Posted by: Danielle Crocker on 10/13/15

On 10/12/15, Mirna wrote:

> Hello fellow teachers,

>

> My name is Mirna and I am currently in my second year of

teaching Year 1 at an

> independent school in Sydney. I am always trying to find

new strategies and ways

> to improve how I teach in order to help students be

constantly challenged and

> motivated in the classroom.

>

> However I was wondering if anyone could share different

strategies or resources

> they use when teaching how to write a narrative?

>

> I usually model how to write a narrative however I find

that the students seem to

> be stuck on forming ideas and writing a detailed problem. I

try to suggest

> different problems etc. but would love to hear other ways

teachers get their

> students to write interesting narratives.

>

> Thank you in advance.

>

> Regards,

>

> Mirna

Hi Mirna,

I could suggest a photo stimulus for students related to what

ever the topic is. The use a hot potato strategy to generate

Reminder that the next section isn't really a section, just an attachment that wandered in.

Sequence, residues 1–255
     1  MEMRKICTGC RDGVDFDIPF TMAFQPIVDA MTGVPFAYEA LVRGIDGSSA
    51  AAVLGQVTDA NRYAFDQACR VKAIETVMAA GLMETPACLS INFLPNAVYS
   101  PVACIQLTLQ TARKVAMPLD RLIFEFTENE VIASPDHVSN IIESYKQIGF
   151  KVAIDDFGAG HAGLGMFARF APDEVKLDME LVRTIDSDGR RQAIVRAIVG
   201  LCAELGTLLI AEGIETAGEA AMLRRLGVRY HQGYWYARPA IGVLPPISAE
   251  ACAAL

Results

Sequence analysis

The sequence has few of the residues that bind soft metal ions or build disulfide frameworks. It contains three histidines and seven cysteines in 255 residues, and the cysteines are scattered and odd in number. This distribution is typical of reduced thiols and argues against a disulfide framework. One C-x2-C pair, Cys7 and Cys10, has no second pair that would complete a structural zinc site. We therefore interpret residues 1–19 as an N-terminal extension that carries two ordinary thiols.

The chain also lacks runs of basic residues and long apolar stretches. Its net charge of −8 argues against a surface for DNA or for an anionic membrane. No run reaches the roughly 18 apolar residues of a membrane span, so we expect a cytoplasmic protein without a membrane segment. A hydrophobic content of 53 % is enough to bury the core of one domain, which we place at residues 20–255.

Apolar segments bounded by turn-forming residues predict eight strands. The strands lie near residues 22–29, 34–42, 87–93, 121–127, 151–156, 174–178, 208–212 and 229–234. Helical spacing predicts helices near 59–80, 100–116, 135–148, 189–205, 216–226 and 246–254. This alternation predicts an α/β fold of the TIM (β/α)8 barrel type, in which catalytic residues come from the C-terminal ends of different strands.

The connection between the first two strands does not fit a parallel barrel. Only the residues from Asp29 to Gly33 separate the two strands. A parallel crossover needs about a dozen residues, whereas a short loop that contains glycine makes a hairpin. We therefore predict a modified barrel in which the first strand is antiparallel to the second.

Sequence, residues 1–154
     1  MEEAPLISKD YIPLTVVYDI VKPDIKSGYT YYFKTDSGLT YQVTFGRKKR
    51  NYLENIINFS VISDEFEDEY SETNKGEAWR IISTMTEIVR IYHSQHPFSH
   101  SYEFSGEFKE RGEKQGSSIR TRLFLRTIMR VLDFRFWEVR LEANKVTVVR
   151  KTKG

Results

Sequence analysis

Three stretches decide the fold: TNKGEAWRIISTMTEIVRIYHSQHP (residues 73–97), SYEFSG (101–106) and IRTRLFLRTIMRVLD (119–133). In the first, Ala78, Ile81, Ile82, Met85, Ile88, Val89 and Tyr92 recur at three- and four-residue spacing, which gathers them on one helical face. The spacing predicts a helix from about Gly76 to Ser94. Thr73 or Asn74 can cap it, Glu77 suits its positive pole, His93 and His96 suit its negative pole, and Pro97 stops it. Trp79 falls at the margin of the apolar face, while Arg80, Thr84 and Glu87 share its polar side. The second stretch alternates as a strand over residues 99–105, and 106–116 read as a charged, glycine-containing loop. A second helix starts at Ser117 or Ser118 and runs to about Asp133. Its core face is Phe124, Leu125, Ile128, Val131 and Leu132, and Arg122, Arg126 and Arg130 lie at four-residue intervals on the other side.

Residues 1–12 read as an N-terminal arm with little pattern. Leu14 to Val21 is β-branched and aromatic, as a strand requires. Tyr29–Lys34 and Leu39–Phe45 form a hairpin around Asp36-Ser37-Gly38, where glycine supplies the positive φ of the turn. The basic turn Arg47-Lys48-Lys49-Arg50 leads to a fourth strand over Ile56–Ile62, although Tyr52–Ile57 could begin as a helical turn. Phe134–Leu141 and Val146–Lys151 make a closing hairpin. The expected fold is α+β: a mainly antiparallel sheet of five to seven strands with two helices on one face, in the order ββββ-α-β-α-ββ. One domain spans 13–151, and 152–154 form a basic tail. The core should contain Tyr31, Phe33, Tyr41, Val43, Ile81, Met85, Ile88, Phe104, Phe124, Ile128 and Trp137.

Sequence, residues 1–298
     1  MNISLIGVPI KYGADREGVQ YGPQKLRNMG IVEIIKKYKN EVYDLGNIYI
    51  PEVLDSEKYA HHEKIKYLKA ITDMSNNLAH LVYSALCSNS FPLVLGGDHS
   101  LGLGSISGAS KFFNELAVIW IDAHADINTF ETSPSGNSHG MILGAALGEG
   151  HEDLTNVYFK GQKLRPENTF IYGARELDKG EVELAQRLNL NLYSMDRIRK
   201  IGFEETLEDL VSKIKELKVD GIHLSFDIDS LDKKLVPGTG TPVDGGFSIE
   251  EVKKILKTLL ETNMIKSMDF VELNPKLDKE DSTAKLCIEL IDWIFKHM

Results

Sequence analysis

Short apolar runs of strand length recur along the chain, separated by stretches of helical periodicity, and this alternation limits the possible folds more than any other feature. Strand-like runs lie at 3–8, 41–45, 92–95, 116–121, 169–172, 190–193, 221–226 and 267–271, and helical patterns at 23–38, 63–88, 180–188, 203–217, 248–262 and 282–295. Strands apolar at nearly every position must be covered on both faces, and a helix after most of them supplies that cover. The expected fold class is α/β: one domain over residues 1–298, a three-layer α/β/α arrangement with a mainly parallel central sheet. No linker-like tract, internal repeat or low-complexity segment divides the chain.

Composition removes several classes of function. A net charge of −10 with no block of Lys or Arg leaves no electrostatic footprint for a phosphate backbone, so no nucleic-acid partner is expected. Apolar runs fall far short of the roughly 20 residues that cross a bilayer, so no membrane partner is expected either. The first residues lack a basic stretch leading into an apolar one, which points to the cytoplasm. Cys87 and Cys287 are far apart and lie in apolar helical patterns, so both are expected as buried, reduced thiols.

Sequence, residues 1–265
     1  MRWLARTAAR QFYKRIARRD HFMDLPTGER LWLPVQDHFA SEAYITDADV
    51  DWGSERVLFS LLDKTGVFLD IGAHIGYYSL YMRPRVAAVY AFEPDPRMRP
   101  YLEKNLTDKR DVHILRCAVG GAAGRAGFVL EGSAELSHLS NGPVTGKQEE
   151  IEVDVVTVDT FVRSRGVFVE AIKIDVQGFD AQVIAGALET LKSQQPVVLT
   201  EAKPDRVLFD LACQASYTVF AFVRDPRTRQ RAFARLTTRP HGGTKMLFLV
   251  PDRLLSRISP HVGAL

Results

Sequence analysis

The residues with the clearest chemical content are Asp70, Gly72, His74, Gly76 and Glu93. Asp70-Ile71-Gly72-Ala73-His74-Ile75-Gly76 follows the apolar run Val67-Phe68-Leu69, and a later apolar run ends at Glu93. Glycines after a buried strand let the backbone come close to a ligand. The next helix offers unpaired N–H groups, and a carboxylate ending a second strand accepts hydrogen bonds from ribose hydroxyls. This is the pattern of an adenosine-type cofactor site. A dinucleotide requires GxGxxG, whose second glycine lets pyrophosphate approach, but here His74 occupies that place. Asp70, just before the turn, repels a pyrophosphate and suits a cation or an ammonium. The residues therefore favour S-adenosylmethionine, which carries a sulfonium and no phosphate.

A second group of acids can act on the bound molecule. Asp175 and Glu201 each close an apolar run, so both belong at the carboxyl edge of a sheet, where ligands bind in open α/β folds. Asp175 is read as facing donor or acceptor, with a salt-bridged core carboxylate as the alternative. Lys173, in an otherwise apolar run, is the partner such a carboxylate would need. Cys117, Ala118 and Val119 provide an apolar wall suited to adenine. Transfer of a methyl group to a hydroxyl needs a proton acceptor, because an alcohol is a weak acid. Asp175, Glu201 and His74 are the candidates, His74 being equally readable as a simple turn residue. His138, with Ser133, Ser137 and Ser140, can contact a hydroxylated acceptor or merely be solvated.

ideas.

1) Get students to look at a photo you have chosen for a

minute.

2) Give students 40 seconds to write as many words as

possible about the photo on a loose piece of paper.

3) Swap that piece of paper with another student - students

have 40 seconds again to write words on this piece of paper

only they cannot write words they have already written.

At this stage you might students some prompts to generate

thinking - is this about war or could it be skirmish or a

costume for a Halloween party.

3) students change papers 2 more times - if students are

coming up with the same ideas on the paper ask them to rule

to it off and come up with other ideas.

4) Students then take back their original paper.

5) students them come up with two scenarios they could write

about. They then have 90 seconds to share these two ideas

with a buddy. The buddy must remain quite for the whole time.

6) the buddy then has 30 seconds to share what they liked and

build on the story.

7) swap over and then the other person shares their ideas.

I've found it generates some interesting thinking. Some

examples of ideas generated where:

- person has received a love letter

- solider has just killed what he thought was an enemy then

when he went to search the body he found a letter which

proved he was an innocent civilian.

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